Inside Time Bomb On Jennifer Road

COMMENT

November 28, 1993|By ELISE ARMACOST

Down in the dingy hole that is the booking and receiving area of the Anne Arundel County Detention Center, a handful of corrections officers look as though they could use a good, stiff drink.

It's hard to say what is the worst thing about the detention center on Jennifer Road; it's terrible in so many ways. But booking and receiving ranks right up there.

Every time an inmate comes in or goes out of the jail, he has to pass through this department. Ideally, to minimize the odds of the wrong person's being released, there should be separate areas for coming and going. But nothing is ideal at this jail. It's a 24-hour nightmare, a disaster waiting to happen.

On this particular afternoon, things are going about as smoothly as they get in booking and receiving. Eighteen men -- all new arrivals -- are waiting in one of the large holding cells. On a really busy day, they'll squeeze 40 people in this cell.

One of the department's eight single cells is taken up with a woman in handcuffs and leg irons. She's not going or coming from anywhere. She's in booking and receiving because she punched another female inmate in the face earlier in the day.

"We put her here because we had no other place to put her," Deputy Administrator Jim O'Neill says.

In fact, there's no place to put anything at this detention center. Every crawl space and closet has been turned into a two-bit office. It's so packed that the human sweat almost oozes through the yellow block walls, even in late November. One tries not to imagine what it's like in mid-July without air conditioning.

It's been two years since the Neall administration started planning to build a new jail and longer than that since the county began studying the issue. Yet, except among those who have to deal with Jennifer Road on a daily basis, there's no sense of urgency about its problems.

Last week, the jail housed 605 inmates; the weekend before the population reached 635.

State funding standards and guidelines set by the American Corrections Association recommend 85 square feet per inmate, including dormitory and living space. Were those standards applied on Jennifer Road, "they would be at least 200 inmates over the cap," says Eric Christensen, a state budget analyst in charge of public safety projects.

In the oldest part of the jail, dormitories designed for eight people now hold 24 maximum-security inmates. Their metal bunks, tables for eating, toilets and urinals are all in the same area.

These dorms are dangerous as well as dismal. One actually has to be inside the dormitory to see what is going on there; there is no visual access from the central hallway and no place to station a guard in the narrow aisle that runs between the bars and the wall. A prisoner could be assaulted or raped, and no one would know.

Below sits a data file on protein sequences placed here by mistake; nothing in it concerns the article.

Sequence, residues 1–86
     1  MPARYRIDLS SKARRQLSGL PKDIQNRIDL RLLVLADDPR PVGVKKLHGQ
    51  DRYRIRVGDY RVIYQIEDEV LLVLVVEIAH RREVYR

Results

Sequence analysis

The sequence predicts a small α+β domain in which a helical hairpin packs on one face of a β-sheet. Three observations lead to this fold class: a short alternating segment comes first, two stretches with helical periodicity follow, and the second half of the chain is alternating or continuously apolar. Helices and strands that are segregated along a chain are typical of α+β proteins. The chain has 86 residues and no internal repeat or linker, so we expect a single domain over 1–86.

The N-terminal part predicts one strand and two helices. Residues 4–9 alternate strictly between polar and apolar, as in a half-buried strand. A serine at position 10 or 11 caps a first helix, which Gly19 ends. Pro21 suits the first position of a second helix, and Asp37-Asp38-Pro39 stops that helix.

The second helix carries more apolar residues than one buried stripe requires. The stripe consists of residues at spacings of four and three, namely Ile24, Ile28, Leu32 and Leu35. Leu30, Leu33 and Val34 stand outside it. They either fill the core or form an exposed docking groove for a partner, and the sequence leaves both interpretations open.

At any given time, inmates who really are too dangerous to belong in a dorm are put there because the jail doesn't have enough segregated cells.

Except for the newest wing of the jail, in which spare but roomy and well-lit "pods" have their own full-time guards, nothing about this place is adequate.

The kitchen was built in 1967 to serve 200 inmates. It now has to turn out nearly 2,000 meals a day.

The laundry room was designed for 200, too. Since there's no other place to keep cleaning supplies, they are here -- not a good idea, considering that many of these supplies are flammable and the overworked washing machines are gas-powered.

No storage room for officers' weapons and ammunition. Jail officials have set up a makeshift armory in a vehicle sally port.

No female infirmary. When a woman needs treatment, they hang a piece of paper to separate her from the men.

The list of deficiencies goes on and on. To which many are probably asking, "So what?" Better conditions for prisoners are not exactly one of the pressing political issues of our day, in Anne Arundel or anyplace else. Nobody's going to get elected because he's promising more money to improve a jail.

The average voter would just as soon see inmates rot rather than spend tens of millions of dollars to build a better detention center.

It's largely the fault of the Neall administration -- which knows what a time bomb Jennifer Road is -- that the public still doesn't understand this is not a matter of making life more comfortable for prisoners. It's a matter of public safety, and the benefits to law-abiding citizens are just as great as putting more police officers on the street, an expenditure that never raises objections.

Sure, the administration has said the jail is outdated and overcrowded. But it has failed to convince people that anyone but inmates would benefit from fixing it.

People still don't make the connection between tense, miserable prison conditions and potential for prison violence. They don't realize that escapes are easier from an obsolete building than a state-of-the-art one. They forget that if it's 120 degrees inside it's not just the prisoners who suffer, but the corrections officers, too. And they never think that 99 percent of the people sitting behind bars on Jennifer Road will get out. That booking and receiving department is, after all, a revolving door.

Do we really want inmates coming out meaner and harder than they went in? Because though jail officials are trying to make Jennifer Road a civilized place, it's getting meaner and harder every day.

Elise Armacost is The Baltimore Sun's editorial writer in Anne Arundel County.

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